My Year of Bible Restoration

In the summer of 2018, I sat in for a day with fellow Guild of Bookworkers member Sophia Bogle, of Save Your Books at the Rose City Book & Paper Fair. A customer brought Sophia a massive Bible to repair – he didn’t want picture perfect restoration, he wanted it to be functional again. Sophia proposed that rather than her doing it (which would cost quite a bit, as she’s a restoration expert), I would do the repairs with her coaching me (for a lower fee).

So began a digital apprenticeship! She wrote instructions in a shared Google Drive document, we had video calls, and periodically I’d text photos or a video with a question or update. It took almost a whole year (I started a new dayjob, among other things), but we did it! Sophia was really supportive and patient, and I learned a ton.

Here’s what the Bible looked like when we got it:

I did the corners like so:

Here are some pix of cleaning the spine of the text block. This involves applying paste to moisten the old glue, then scraping the paste and glue off – very carefully so as not to damage the paper or sewing. It takes for everrrr but is very gratifying to finish.

Here are a few in-progress shots from when I was working on the new spine. Once it was on, I attached the original spine over it.

And eventually it was all done!

It was amazing to actually finish the whole thing! I really appreciate all of Sophia’s guidance and help, and am excited to report that this year’s RCB&PF also brought us a new Bible to restore. Hopefully I’ll have learned so much from this project that the new one will take less time.

As an aside, if you look at the first image in the Done set, you’ll see why we nicknamed this project the Moly Bible – that H sure looks like an M at the right angle! 🙂

Case Study: The Collected Poems of Rupert Brooke, c. 1915

Let’s take a look at one of the books I worked on in the latest class I took at the SFCB, The Restoration of Cloth and Leather Bindings taught by the one and only Don Etherington.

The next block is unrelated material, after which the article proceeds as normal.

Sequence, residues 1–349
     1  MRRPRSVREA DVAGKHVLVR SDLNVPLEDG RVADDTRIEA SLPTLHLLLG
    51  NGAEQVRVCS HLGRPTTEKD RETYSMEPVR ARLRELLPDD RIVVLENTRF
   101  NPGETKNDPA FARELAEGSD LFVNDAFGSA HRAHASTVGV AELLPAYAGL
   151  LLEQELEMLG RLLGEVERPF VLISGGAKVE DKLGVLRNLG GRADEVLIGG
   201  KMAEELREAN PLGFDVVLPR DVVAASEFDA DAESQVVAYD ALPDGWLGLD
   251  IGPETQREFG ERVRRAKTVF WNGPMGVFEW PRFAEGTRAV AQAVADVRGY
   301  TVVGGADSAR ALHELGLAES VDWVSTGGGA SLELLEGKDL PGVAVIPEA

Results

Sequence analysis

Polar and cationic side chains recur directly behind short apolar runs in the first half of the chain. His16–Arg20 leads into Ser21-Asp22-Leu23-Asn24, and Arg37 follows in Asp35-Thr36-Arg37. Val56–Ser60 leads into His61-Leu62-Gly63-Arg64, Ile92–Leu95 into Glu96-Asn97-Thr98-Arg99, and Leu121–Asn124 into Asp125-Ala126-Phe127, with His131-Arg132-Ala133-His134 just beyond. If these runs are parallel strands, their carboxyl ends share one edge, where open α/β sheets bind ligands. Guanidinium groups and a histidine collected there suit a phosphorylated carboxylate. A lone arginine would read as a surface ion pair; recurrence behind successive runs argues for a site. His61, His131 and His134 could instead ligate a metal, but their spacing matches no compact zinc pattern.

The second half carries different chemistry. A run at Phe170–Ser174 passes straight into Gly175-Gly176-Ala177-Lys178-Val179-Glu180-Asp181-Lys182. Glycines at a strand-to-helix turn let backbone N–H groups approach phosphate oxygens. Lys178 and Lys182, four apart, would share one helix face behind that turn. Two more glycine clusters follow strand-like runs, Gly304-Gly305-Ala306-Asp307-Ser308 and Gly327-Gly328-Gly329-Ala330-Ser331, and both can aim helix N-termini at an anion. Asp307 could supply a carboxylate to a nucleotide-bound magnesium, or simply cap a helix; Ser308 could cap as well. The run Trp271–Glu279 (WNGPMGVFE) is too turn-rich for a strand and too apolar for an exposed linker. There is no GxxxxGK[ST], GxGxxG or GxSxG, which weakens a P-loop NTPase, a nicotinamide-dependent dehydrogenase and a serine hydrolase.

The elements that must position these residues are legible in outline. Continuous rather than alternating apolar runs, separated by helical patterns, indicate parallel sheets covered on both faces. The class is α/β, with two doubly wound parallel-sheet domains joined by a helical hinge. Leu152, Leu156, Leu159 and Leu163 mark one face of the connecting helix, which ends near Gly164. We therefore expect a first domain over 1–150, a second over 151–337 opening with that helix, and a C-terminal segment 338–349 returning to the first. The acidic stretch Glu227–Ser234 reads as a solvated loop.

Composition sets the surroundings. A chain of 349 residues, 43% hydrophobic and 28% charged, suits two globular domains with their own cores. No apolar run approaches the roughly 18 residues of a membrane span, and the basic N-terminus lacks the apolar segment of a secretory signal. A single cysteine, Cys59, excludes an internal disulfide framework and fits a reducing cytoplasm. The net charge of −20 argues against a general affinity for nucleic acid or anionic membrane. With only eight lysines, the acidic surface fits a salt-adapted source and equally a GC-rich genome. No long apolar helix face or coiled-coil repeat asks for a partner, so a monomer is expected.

Here’s the book before. Notice that while it has a fair amount of normal wear for a cheap leather-bound book of its period, it’s not in terrible shape. It is, however, starting to get red rot at the joints where the leather’s worn. That’s no good, and will progress if unstopped. (Click the photos to see them larger on Flickr.)

Before

The photos are: Front cover, spine, spine closeup, back cover, and a look at the leather lifting off the back cover.

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In the last photo, you can see how the leather was actually disconnected from the board! It flapped around pretty badly.

Thankfully, the text block itself and the inner hinges (the paper that is glued to the cover and also part of the text block) were in top-notch shape, so I only had to reinforce the leather at the hinges, glue the leather flap down again, and do some repairs around the edges where the leather had worn through or nearly worn through.

Working

Here are some in-progress photos!

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In this shot, I’m using mylar film to protect the end papers while I glue black Japanese paper around the edges of the cover. This lets me put the paper exactly where I want it, and not worry about damaging the endpapers. Here’s another look at the mylar in action:

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After I carefully slit along the edge of the mylar, I’m left with exactly the right coverage, as you can see here. The Japanese paper just covers the places where the leather was worn away, no more. Right now the paper looks pretty matte in finish, but I’ll take care of that later on in the process.